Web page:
Prepping for College: What College Should I Go To?

Tyler York
how do I go to college

Thinking about going to college is an important step toward the next chapter of your life. It’s a big decision and making the right one is vital.

With that in mind, you might be asking yourself: What college should I go to? How can I make the right college decision? And how can I get into my dream school? 

Let’s go over these questions and give you the answers you need.

What college should I go to
Photo by Vadim Sherbakov on Unsplash

What College Should I Go To?

Going to college is an important decision. So, it’s not anyone else’s place to decide for you where you should go.

It’s yours. 

Of course, your parents, teachers, friends, and academic advisors will all have opinions – and that’s okay! They most likely just want the best for you. But remember that it is your decision at the end of the day, as it dramatically affects your future.

It would be easy to say “aim for the top” or “pick a safe option.” However, there’s more to it than that.  

Each person has their own unique interests, preferences, and goals. With that in mind, you should choose a school that best fits the goals you want to achieve. You should take into consideration differences such as cost, location, and available programs. 

But, most importantly, you should choose a school that offers the best programs, facilities, and resources for the career you want to pursue in the future. Whether it’s an Ivy League school or a community college, your choice should revolve around what’s best for you and your future. With that out of the way, where should you go?

Make a Ranked List of Colleges

On the surface, having a ranked list of colleges may not seem helpful. The truth is, though, that having a ranked list of colleges can provide some vital insight. Pick a few colleges you want to get into and prioritize which school you want to go into the most. 

Having a ranked list of colleges helps you prepare for admissions, tests, and what deadline you want to pick. With this, you’ll be able to plan around your priority school and your secondary choices. Overall, it wouldn’t hurt to have a list of choices to pick and choose from.

College Advisor and Other Options

If you really have no idea which college is best for you and your goals you can always ask college advisors. 

College advisors are committed to helping students apply to the colleges and universities that best fit their skills and personality. These advisors will help you every step of the way to ensure you find the right choices.

But if you’re not interested in a college advisor you can always go through college search engines and official websites.

Take your time to research everything about the schools you want to get into and see if they’re right for you. You can even ask close friends or family about their choices to help you make a decision. 

Your Test Scores

First of all, you’ll need to take a good look at your grades, SAT, and ACT scores. Those numbers will be vital when admission officers review your transcripts. While your grades and test scores aren’t indicative of you as a person, you need to consider to figure out which college is mostly likely to admit you.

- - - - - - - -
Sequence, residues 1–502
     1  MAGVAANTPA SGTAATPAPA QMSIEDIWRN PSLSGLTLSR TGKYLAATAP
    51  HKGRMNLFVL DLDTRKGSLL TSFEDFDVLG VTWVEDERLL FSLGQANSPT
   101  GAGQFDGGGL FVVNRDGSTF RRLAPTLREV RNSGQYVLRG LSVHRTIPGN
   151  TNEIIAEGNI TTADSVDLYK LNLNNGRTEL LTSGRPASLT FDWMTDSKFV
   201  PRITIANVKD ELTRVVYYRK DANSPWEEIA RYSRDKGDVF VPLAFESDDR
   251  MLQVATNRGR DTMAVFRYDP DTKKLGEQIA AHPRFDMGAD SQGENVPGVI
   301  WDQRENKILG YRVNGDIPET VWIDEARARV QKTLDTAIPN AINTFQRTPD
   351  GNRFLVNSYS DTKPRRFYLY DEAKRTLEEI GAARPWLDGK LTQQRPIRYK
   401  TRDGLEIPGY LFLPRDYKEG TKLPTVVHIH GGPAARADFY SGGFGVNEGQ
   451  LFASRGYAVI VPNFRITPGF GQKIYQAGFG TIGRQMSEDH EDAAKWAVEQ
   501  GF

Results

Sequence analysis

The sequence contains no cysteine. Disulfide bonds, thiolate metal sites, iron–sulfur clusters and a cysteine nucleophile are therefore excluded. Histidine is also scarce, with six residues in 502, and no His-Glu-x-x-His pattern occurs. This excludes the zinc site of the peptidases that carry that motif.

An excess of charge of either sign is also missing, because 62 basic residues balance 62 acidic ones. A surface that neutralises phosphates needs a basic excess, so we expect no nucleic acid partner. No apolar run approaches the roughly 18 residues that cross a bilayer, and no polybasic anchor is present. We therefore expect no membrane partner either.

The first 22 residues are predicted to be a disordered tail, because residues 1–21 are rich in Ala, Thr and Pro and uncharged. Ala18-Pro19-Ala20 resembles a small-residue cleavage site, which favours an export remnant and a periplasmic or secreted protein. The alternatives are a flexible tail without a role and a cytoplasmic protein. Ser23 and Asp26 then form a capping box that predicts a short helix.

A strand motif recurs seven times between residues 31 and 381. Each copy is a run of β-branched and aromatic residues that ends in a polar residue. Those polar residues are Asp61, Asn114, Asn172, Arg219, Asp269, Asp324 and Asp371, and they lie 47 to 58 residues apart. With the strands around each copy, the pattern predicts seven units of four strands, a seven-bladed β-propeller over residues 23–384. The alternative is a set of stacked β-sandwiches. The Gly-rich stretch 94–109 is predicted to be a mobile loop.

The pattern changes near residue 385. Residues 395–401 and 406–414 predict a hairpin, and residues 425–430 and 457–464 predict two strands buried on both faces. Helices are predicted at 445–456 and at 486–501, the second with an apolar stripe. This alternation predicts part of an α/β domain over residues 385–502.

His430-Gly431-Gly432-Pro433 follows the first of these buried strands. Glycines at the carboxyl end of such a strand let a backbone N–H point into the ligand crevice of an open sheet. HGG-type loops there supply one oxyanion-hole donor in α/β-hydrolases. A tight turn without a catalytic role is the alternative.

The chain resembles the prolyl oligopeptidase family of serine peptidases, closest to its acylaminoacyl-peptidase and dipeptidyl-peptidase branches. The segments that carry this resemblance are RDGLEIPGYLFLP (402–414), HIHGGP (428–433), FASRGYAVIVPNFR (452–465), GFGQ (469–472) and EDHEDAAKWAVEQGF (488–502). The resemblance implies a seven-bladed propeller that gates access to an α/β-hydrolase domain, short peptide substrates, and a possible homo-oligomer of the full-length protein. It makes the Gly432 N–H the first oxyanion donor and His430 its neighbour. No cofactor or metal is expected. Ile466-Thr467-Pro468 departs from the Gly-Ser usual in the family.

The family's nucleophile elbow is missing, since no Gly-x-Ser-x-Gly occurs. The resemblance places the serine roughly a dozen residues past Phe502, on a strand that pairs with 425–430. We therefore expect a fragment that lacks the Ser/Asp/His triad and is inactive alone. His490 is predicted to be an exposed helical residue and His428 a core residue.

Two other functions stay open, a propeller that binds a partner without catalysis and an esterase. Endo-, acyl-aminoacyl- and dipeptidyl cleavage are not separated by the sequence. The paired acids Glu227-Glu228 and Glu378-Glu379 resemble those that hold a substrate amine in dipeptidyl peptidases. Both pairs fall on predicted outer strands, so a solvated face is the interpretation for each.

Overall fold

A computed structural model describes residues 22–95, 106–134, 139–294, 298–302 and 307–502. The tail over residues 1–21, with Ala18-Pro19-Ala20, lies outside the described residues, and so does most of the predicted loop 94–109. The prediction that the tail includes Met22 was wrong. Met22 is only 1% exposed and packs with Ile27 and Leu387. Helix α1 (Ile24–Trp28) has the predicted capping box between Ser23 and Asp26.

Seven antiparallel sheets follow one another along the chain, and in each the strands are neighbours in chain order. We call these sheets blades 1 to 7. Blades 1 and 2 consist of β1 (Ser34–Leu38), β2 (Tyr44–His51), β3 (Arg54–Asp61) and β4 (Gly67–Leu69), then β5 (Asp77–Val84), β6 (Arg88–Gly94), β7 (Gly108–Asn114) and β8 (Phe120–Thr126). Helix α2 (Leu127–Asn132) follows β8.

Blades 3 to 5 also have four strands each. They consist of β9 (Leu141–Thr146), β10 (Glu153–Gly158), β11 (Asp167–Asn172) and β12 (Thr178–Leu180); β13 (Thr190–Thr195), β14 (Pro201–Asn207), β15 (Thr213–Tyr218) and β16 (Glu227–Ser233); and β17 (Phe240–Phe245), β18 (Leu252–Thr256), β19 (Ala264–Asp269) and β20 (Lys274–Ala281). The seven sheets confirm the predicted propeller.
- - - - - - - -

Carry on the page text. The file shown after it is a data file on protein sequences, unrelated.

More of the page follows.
You can see if your test scores are compatible with your desired college easily. With a simple google search, you’ll have all you’ll need to know. 

Using Your Grades and Test Scores to Build a College List

For example, let’s say you want to get admitted into NYU. In this case, you can simply open a google search and type “NYU average ACT score” and usually get a reasonably reliable answer. We also have resources for Ivy League colleges, the hardest colleges to get into, and the easiest colleges to get into that includes ACT scores.

In the case of NYU, the average ACT score is between 31 and 34. To be on the safe side, we recommend your test scores be at or above the 50th percentile mark. So in the case of NYU, you’d want your ACT score to be a 33 or above. 

Typically, you want to pick between 6-8 colleges. Your challenging colleges (often called “reach” schools) will be colleges where your GPA and test scores are in the 25th percentile or below of that particular college. Your safer options (often called “safety” schools) are colleges where your GPA and test scores lie in the 75th percentile of above.

If your GPA and test scores his close to the 50th percentile mark 

From there you can choose a number of schools that fit your preferences and goals. Although it’s important to have a “safe” option, it’s also good to go out of your comfort zone and pick a more competitive school. 

So, when picking a college, you should choose ones that you can feasibly get into while having a “reach” school that is harder to get into. Who knows, you might get in if there your application has other strengths that are harder for an admissions team to ignore.

Acceptance Rates and Grades

Whether you have a low or high GPA, the best way to pick a college to go to is by taking a look at their numbers. Again, you can do this with a quick Google search. 

Find out what their acceptance rates are, what ACT middle percentile score they’re looking for, and if you can get in with your grades. 

You can even find out how many students from your school made it to this college just to give you an idea of your chances. Either way, once you’ve picked out a school where you can get accepted you should also pick a few others with similar admission rates for safety. 

If your grades already pass the 25th percentile mark, then you have a decent chance of getting in.